Many followers of the theology of Emanuel Swedenborg believe that he changed the focus of spiritual transformation in Christianity from “faith” to “good works.” In other words, salvation does not consist of mere belief and acknowledgement of the Lord Jesus as savior, but in doing what He asked of us—to love God and the neighbor. Good works are the very life of true faith!
Being a student of human spirituality I have visited many of the (Reformed) Christian churches that profess the doctrine of “faith alone.”
The first thing I noticed is that they all accepted me into their churches with open arms and extended neighborly love to me. There is just as much heartfelt goodness being expressed and shared among the members of these churches as in any Swedenborgian Church. So these religions do not express Christian love any less than Swedenborgians. They all take part in what is “good”!
So what is the Swedenborgian advantage?
The issue is not one of denying spiritual charity and goodness, it is the conviction of many reformed churches that faith and belief is what ultimately saves them—not their actions or works. They believe that proper faith is also what allows God’s love to affect their hearts. Interestingly, this still leads to them to act in goodness. Doctrinally, however, it is seen that putting good works before having acquired such a faith leads to personal merit and only the Lord deserves such merit. This is not altogether an untruth, and, is not a deterrent from reaching heaven.
Swedenborg claimed that if you did what was true and good in life it didn’t matter what technical faith you professed in your noggin. So again, what is the issue?
This made me wonder about what Swedenborg really meant by the doctrine of salvation by faith alone. Did he point to something deeper?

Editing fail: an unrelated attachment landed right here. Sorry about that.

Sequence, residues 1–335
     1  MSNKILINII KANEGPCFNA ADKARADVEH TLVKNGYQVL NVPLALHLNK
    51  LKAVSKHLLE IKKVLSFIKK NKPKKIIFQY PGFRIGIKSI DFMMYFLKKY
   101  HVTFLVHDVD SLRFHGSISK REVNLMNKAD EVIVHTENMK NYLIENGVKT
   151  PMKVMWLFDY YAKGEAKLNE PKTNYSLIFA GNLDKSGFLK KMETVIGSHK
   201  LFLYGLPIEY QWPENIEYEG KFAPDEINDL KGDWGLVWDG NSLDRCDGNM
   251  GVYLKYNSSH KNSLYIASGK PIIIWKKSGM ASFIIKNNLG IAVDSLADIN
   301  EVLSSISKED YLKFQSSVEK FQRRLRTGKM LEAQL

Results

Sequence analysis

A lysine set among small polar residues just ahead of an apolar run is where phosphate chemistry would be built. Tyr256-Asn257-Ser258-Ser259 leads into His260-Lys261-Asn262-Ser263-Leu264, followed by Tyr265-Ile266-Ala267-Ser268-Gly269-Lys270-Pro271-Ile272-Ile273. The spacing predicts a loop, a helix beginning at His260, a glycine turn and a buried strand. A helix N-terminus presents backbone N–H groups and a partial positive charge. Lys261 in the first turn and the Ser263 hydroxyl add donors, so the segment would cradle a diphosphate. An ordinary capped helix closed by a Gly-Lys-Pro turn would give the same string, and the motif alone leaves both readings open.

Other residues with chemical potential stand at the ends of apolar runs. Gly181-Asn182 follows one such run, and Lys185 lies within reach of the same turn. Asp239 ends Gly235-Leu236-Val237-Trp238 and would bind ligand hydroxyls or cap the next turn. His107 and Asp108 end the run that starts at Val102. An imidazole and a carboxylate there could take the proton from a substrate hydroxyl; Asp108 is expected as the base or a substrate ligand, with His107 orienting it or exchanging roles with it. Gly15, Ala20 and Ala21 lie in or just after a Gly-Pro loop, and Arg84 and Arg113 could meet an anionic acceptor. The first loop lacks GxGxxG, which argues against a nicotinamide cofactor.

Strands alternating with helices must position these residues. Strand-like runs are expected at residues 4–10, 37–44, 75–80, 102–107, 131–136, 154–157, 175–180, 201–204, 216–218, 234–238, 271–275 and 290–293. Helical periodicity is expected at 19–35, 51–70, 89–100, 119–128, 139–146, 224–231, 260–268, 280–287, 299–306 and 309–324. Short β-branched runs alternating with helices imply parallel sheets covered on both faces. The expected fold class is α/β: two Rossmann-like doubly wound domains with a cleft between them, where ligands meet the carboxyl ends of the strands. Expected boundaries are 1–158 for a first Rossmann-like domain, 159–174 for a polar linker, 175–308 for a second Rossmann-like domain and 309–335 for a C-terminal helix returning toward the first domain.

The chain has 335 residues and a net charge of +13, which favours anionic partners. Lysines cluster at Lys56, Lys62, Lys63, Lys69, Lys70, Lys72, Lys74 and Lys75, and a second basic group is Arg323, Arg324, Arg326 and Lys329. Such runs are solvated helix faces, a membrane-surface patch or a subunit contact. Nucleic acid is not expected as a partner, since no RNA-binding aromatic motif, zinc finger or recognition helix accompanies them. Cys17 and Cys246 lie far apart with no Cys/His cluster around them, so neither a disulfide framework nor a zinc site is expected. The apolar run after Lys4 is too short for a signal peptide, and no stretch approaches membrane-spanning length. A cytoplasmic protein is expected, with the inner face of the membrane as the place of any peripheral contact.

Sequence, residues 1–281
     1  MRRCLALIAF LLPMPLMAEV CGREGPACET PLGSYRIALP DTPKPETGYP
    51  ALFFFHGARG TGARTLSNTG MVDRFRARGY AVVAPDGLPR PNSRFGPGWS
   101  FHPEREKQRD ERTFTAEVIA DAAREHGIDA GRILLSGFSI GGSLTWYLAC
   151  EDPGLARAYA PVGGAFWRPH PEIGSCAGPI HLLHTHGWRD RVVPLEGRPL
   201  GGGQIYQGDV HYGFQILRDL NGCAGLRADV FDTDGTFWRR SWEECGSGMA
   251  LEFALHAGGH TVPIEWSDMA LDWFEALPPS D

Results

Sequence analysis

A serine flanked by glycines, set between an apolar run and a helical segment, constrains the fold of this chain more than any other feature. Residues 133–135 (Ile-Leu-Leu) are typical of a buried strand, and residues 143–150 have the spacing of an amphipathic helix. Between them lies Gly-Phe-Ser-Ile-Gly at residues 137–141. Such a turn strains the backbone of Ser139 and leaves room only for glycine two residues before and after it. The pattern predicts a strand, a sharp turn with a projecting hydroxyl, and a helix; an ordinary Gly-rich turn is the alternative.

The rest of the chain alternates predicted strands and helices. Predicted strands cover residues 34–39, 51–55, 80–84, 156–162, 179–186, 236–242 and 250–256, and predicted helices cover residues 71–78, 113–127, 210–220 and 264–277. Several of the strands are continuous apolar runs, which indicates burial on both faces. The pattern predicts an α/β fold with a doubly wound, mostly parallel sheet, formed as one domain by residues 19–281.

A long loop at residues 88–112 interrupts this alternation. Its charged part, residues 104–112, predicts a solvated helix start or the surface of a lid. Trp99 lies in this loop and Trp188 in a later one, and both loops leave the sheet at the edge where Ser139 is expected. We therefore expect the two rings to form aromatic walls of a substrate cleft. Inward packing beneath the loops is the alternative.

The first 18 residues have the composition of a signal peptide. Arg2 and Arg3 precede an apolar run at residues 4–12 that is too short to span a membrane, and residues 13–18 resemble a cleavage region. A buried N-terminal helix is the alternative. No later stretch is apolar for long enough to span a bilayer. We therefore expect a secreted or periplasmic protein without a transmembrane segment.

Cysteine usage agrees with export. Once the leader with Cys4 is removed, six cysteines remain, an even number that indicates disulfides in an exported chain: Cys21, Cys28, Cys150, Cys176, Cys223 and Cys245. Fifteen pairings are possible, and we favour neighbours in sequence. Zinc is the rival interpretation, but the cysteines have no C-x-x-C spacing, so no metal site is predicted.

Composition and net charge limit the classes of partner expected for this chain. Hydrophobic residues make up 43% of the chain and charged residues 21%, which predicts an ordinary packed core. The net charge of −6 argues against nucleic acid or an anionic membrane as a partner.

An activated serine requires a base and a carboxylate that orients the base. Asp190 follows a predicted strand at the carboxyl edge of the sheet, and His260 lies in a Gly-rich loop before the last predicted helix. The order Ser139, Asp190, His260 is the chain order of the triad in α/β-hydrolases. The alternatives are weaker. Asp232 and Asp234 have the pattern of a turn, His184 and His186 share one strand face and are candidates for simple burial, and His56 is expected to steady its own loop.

Yes! He meant pretense! (Heck, even Swedenborgians can act on pretense—even during outward acts of kindness.)
In other words, you can’t go through life as a schmuck and profess the Lord as your Savior on your deathbed and expect good results. Or, merely use faith as a means of securing reputation, status or power on this earth.
What Swedenborg brought to the theological table was distinctly new and different! He offers a deeper look into the process of personal spiritual change or regeneration.
Salvation goes beyond having faith and doing good works. It goes beyond increasing your acts of kindness in this world. It involves sincerity, humility and innocence—which are only obtained by severe introspection and asking the Lord to help you remove the “crap” that you uncover hiding deep within your heart and mind. This curative action prevents someone from using either faith or good works to deceive others or even themselves about the actual quality of their inner reality!
So, when I attend a Swedenborgian Church, I fully expect its members to be bravely engaged in this often unflattering and painful personal process.